Does your care home comply with fire safety regulations, and would you know what to do in the event of a fire? Well, our fire safety tips will make it easy to ensure you’re fully compliant.
Of course, the safety of your residents, staff and visitors is of the utmost importance, meaning you’ll need plenty of safeguards in place. In a care or nursing home, fire safety is often the responsibility of the manager, and for most, it’ll be near the top of their to-do list.
The Regulatory Reform (Fire Safety) Order 2005 requires all workplaces, businesses and public buildings to have a fire risk assessment carried out on their premises which is then reviewed regularly. This ensures you’re aware of every fire risk which exists, are taking the correct action, and have the correct fire safety equipment from fire extinguishers and fire alarms, with an action plan in place.
Unfortunately, there are often cases where care homes are in breach of fire regulations, more-often-than-not unwittingly. In 2017, a care home in Cheshire was fined £50,000, and in 2004, fourteen elderly residents died tragically in their Scottish care home.
But it is the events of Grenfell Tower which have brought the issue of preventing and handling a fire to the forefront of a lot of minds, highlighting how important fire safety measures are.
The first, easiest, and cheapest way of preventing a fire is to keep things which burn well away from things which could start a fire. This means keeping combustibles such as furniture, furnishings, cardboard boxes, medical supplies, cleaning products, and waste well away from heaters, cooking equipment, and naked flames.
It’s important to store hazardous items as directed and to have electrical and gas equipment maintained according to the manufacturer’s guidelines.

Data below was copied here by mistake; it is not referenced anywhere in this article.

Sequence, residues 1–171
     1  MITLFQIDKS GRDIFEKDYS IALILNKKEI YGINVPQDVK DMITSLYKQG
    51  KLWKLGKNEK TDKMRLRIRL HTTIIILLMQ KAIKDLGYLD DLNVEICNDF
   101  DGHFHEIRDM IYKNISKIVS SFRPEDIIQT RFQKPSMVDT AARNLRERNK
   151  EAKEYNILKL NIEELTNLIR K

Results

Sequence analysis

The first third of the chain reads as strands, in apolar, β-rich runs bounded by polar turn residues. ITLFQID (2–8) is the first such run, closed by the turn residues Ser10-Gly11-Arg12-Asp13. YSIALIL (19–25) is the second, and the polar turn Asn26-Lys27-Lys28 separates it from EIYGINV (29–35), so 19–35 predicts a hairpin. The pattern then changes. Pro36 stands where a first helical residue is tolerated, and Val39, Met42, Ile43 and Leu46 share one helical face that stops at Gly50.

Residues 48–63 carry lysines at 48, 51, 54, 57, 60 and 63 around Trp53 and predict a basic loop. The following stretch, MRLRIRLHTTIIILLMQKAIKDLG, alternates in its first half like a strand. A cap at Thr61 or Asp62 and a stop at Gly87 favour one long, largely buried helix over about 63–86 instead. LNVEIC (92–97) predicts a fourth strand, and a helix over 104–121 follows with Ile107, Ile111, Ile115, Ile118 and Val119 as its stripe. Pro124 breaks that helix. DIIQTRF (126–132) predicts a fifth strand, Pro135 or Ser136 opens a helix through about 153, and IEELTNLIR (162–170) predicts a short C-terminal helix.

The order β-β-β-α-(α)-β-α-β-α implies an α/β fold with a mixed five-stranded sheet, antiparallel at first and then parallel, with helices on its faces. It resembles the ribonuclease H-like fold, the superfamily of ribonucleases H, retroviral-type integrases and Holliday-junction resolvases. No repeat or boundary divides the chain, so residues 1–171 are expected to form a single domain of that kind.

If a fire were to start, you’d need to be able to contain it, helping to reduce the risk to life and property. This is frequently achieved through design but is often ineffective due to open fire doors.
This is why door closers are essentials and holding the door open with a door wedge is unacceptable. However, door retaining systems do exist which hold a door open to provide access but which shut in a fire emergency.
Fire Detection and Warning
Having a fire alarm system installed and maintained is the best option. In a care home, this should have L1 coverage which ensures that sounders are loud enough to wake people from their sleep, with detectors in all rooms and escape routes. As an addition, a vibrating pillow alarm can be used to wake those who are hard of hearing, as well as beacons providing a visual warning.
With a professionally installed system, you are then able to have it connected to external devices. For example, this could close all internal doors, unlock other doors, prevent the use of lifts, and activate emergency lighting.
Should the power be cut, you’ll still need to show people the way to the nearest exit and allow them to make their way out safely. Emergency lighting will kick in and show everyone the way regardless, along with directional fire exit signs.
Fire extinguishing equipment is essential, and you must make sure the correct type is located near the applicable risk. Generally, this will consist of various extinguishers throughout with fire blankets in all kitchen areas.
As a rule of thumb for fire extinguishers:
- Water extinguishers are suitable for general fires including paper, cardboard, rubbish, and furnishings;
- Foam extinguishers can additionally be used for flammable liquids;
- Powder extinguishers are versatile, lighter, and safe to use around electrical equipment as well as flammable liquid and gas, although not recommended for indoor use;
- On electrical equipment, CO2 extinguishers are the safest method and will prevent further damage to the electronics.
Each extinguisher also needs an extinguisher identification sign installed just above it, and should be commissioned upon installation and then serviced annually by a trained professional.
Fire Action Plan
Everyone must be aware of what they should do in an emergency, from where the assembly point is, to how to assist those who need help evacuating, and who calls the fire brigade. And part of the plan will be ensuring you have trained fire wardens and staff who have received evacuation training.
The best way to then familiarise everyone with your plan is to carry out fire drills. It is also the best way of discovering any issues that may exist with the plan, rather than waiting until it is too late.
Don’t forget, when you need help with your fire risk assessment, we’re here to help, whatever your requirements. Click here to our fire risk assessment options, or contact us for a quote tailored to your needs.